Tax Law Still A Problem For MGM & Wynn In MASS



At least two of the companies hoping to open one of the Bay State’s first commercial casinos say Massachusetts law needs revision if it is to avoid turning off gamblers and cutting into the state’s take from casino and slot-parlor profits (Mohegan Sun is willing to go with whatever is decided, even if the current tax law is not revised.). Las Vegas-based MGM and Wynn are calling for repeal of a provision requiring casinos to withhold 5 percent state income tax on certain gambling winnings over $600. They say neighboring states all use lower, federal thresholds, and that makes them more appealing to a wide range of gamblers.

In my post  “Taxachusetts” Could See Players Stay Away Because of Antiquated Laws,”  I refer to how Wynn suggested that the provision will severely cut into who comes to play.  Some Massachusetts gamblers — particularly horse and dog racing betters that have had their winnings subject to the state’s withholding provisions for about a year already —agree it should be addressed.  MGM and Wynn say the provision is ‘‘wholly impractical’’ and a ‘‘massive administrative burden.’’ Wynn suggests the requirement could severely hinder game play, forcing a stoppage anytime a person won more than $600 on a hand so that they could complete a tax form.  It’s true.  All hand-paid jackpots of $600 or more, which happen substantially more than the norm in the industry of $1200 ( which is why a quarter video poker machine pays 4000 credits for a royal flush), will take more slot attendants, more paper work and federal red-tape, most importantly, will hold up every gambler every time it happens.  Just think what’s going to be needed to keep up in the High Limit areas.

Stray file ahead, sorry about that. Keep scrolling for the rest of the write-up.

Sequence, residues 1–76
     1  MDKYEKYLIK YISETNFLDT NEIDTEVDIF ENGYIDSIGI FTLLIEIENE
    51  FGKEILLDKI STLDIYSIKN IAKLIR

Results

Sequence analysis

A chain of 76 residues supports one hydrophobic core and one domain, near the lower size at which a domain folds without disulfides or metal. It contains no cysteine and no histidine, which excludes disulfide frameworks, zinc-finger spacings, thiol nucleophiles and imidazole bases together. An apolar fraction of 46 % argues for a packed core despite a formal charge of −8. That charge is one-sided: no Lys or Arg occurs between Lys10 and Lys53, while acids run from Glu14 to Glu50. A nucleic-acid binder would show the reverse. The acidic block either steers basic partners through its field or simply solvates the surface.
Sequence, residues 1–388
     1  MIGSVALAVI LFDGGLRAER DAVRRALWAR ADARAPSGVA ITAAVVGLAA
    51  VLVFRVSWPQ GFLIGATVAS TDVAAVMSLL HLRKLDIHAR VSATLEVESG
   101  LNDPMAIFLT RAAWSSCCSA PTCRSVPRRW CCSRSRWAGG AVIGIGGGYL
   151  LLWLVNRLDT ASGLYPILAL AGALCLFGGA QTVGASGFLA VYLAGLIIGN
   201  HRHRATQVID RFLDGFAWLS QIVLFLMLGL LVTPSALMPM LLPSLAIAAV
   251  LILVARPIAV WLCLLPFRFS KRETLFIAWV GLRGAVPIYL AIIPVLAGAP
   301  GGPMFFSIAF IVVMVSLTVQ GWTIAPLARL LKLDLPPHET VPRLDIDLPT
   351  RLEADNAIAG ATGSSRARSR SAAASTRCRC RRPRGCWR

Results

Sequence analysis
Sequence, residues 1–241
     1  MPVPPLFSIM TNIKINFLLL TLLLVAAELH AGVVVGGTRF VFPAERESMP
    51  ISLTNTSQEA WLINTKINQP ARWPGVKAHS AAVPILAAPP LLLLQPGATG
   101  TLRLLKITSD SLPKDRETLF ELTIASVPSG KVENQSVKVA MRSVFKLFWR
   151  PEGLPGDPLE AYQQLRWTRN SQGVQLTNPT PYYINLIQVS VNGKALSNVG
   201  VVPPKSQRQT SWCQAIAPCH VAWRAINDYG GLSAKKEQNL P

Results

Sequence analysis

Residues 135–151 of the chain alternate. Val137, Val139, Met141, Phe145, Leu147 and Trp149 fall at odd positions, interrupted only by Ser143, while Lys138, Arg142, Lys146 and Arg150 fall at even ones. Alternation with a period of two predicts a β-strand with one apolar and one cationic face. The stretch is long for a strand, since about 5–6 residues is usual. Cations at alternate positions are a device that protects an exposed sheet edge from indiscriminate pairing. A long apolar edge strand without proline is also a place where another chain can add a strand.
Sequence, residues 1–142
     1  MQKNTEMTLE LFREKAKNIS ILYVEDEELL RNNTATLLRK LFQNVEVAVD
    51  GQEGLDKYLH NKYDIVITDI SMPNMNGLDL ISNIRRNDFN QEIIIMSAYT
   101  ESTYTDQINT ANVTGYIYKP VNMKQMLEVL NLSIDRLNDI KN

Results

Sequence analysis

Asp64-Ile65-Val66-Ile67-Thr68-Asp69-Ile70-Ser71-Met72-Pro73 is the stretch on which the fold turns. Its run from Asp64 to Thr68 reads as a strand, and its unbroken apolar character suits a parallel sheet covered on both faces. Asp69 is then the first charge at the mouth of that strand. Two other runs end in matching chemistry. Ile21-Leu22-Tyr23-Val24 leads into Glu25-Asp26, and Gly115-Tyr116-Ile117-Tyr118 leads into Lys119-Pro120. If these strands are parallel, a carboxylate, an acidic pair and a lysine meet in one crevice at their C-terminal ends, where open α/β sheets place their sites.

According to Mohegan Sun, the tribe-owned casino operator that’s competing with Wynn to open a casino in the Boston area, has said it intends to comply with the law.  ‘‘The rules were established long before any operator submitted license applications,’’ Mitchell Etess, CEO of the Mohegan Tribal Gaming Authority, said in a statement. ‘‘Steve Wynn apparently wants his own set of rules.’’  Ouch!

But, although I am not a fan of Mr. Wynn, I think he is correct is his insistence to change the law. Even Commission Chairman Stephen Crosby said, ‘‘It seems pretty clear that the best practice would be to adopt the federal standard.’’

That’s all for now.



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